On April 27, 2020, a three-judge panel for the U.S. Court of Appeals for the Eleventh Circuit affirmed the District Court’s denial of Plaintiffs’ motion for a new trial.1 Plaintiff Fanny Quevedo, was seriously injured during a severe turbulence encounter on Iberia Airlines Flight 3252 from Madrid, Spain to Milan, Italy. Quevedo and her husband sued Iberia Airlines in the Southern District of Florida under Article 17 of the Montreal Convention for her injuries and his loss of consortium. Prior to trial the District Court determined that the turbulence was an accident under the Convention. However, at the close of trial, the jury found Iberia and Quevedo each negligent but that Quevedo was 99% at fault and thus reduced Quevedo’s damages to just over $11,000. Plaintiffs moved for judgment as a matter of law, or alternatively, a new trial. The District Court judge, Judge Robert N. Scola, denied the motion on August 13, 2019, holding that the jury’s verdict was not contrary to the great weight of the evidence. Thereafter, plaintiffs’ filed an appeal to the Eleventh Circuit Court of Appeals.
In its opinion, the Eleventh Circuit reiterated the court’s “duty to safeguard the role of the jury” and noted the “exacting” standard of review for a district court’s denial of a motion for a new trial.2 On a motion for a new trial, the trial judge is free to weigh the evidence favoring both the jury verdict and the moving party. The Court recognized the deferential abuse of discretion standard as particularly appropriate where a new trial is denied and the jury’s verdict is left undisturbed. The Court concluded that in this case the jury verdict was not contrary to the great weight of the evidence and affirmed the district court’s denial of Quevedo’s motion for a new trial.
Iberia Flight 3252
In May, 2015, Fanny Quevedo flew from Miami, Florida to Milan, Italy, with a change of planes in Madrid, Spain. On the first leg of her trip, Quevedo was injured by a tripod that fell from an overhead compartment and landed on her pelvis. Although tired and in pain, Quevedo continued on the second leg of her journey to Milan. The flight was scheduled to land at Milan-Malpensa airport, with Genoa and Milan-Linate serving as alternate airports.
As the aircraft approached Milan-Malpensa, the weather deteriorated and the airport temporarily closed. Flight 3252 entered holding, and then diverted to Milan-Linate since Genoa was no longer accepting traffic. While en route to Milan-Linate, the flight encountered severe turbulence. Quevedo, whose seatbelt was unfastened, was seriously injured. Also injured was a flight attendant who had unfastened his seatbelt when he noticed Quevedo’s seatbelt was no longer fastened and rose to assist her.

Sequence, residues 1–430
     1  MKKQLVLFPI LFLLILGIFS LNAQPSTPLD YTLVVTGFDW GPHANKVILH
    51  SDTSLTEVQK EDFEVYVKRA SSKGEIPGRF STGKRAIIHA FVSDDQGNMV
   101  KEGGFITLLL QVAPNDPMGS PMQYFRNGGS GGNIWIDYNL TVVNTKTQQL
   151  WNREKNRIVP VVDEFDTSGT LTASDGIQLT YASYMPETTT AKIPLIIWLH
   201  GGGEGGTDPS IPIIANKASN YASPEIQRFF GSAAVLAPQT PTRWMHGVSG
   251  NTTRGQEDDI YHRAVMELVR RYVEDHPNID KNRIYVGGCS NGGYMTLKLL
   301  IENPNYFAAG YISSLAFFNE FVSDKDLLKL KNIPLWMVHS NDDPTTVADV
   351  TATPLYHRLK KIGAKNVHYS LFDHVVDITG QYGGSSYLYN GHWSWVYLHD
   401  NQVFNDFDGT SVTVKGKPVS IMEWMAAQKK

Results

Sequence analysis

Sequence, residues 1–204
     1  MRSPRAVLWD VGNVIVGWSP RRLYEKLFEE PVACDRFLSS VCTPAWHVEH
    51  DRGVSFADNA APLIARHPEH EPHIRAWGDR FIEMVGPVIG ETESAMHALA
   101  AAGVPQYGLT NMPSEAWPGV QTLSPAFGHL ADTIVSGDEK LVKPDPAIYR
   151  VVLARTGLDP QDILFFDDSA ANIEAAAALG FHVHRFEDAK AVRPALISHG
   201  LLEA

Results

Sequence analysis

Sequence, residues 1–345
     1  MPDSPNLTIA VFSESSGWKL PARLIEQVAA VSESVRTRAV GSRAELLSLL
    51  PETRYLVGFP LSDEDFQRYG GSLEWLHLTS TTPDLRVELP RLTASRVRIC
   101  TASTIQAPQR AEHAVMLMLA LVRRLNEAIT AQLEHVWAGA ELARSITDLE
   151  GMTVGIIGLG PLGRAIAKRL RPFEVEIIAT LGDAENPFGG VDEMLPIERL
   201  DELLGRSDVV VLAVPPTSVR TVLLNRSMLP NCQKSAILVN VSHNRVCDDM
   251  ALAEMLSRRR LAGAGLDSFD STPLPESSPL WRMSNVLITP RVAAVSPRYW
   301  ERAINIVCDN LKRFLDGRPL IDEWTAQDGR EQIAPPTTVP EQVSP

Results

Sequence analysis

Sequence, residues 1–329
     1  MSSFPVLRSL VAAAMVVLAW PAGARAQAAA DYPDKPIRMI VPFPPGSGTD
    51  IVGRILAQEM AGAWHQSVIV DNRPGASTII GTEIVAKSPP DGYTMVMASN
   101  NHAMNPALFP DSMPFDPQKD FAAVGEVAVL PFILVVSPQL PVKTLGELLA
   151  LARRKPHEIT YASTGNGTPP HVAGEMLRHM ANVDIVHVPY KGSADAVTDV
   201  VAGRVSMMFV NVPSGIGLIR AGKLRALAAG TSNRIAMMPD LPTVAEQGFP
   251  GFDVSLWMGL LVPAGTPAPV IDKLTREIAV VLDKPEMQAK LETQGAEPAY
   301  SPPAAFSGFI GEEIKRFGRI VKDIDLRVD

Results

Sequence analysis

Quevedo argued that Iberia negligently failed to ensure her seatbelt was fastened and negligently diverted to Milan-Linate. Plaintiffs asserted one cause of action under Article 17 of the Montreal Convention, seeking recovery for injuries sustained during the flight, as well as a loss of consortium claim by her husband. Iberia argued that Quevedo was herself negligent because she failed to fasten her seatbelt before falling asleep. Iberia asserted affirmative defenses of comparative negligence and to limit liability under Montreal Convention Articles 20 and 21. At the close of the seven-day trial, the jury determined Quevedo’s full damages to be $175,000 in past and future medical expenses and $1 million in damages for pain and suffering, but awarded zero loss of consortium damages to her husband. The jurors found Iberia only one percent liable, with Mrs. Quevedo bearing 99% of the fault for her injuries. Thus, her award was $11,750.
On appeal, Plaintiff argued that the District Court should have granted a new trial because the jury’s allocation of fault was against the great weight of the evidence, contending there was overwhelming evidence in the record of Iberia’s negligence. The Court of Appeals disagreed, noting that Quevedo and the flight attendant were the only two individuals with unfastened seatbelts, and they were the only two individuals severely injured in the turbulence encounter. The Court cited to Quevedo’s statements that she was an experienced traveler, she had heard Iberia’s safety instructions recommending that passengers keep their seatbelts fastened during the flight, and that she knew securing her seatbelt could be “essential for [her] life.”3 As a result, the Court concluded there was some evidence to support the jury’s allocation of fault.
The Court of Appeals’ decision reflects the broad discretion that U.S. district courts are afforded in deciding a motion for a new trial. As the Court of Appeals explained, since the trial judge and jury are firsthand observers of the witnesses and the trial, they are better able to evaluate witness credibility and resolve conflicting evidence. In order for a new trial to be granted, the verdict must be against the great, and not merely the greater, weight of the evidence. Courts remain reluctant to invade the province of the jury and will do so only in the event of a clear absence of credible evidence for a jury verdict. As long as there is some support for the jury’s decision, it is irrelevant whether the trial judge or the Court of Appeals would have reached a different conclusion, and the jury verdict will not be disturbed.
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1 Fanny Quevedo, et al v. Iberia Lineas Aereas de Espana, No. 19-13514 (11th Cir. Apr. 27, 2020).
2 Id. at 8 (quoting Rabun v. Kimberly-Clark Corp., 678 F.2d 1053, 1060 (11th Cir. 1982).
3 Id. at 10.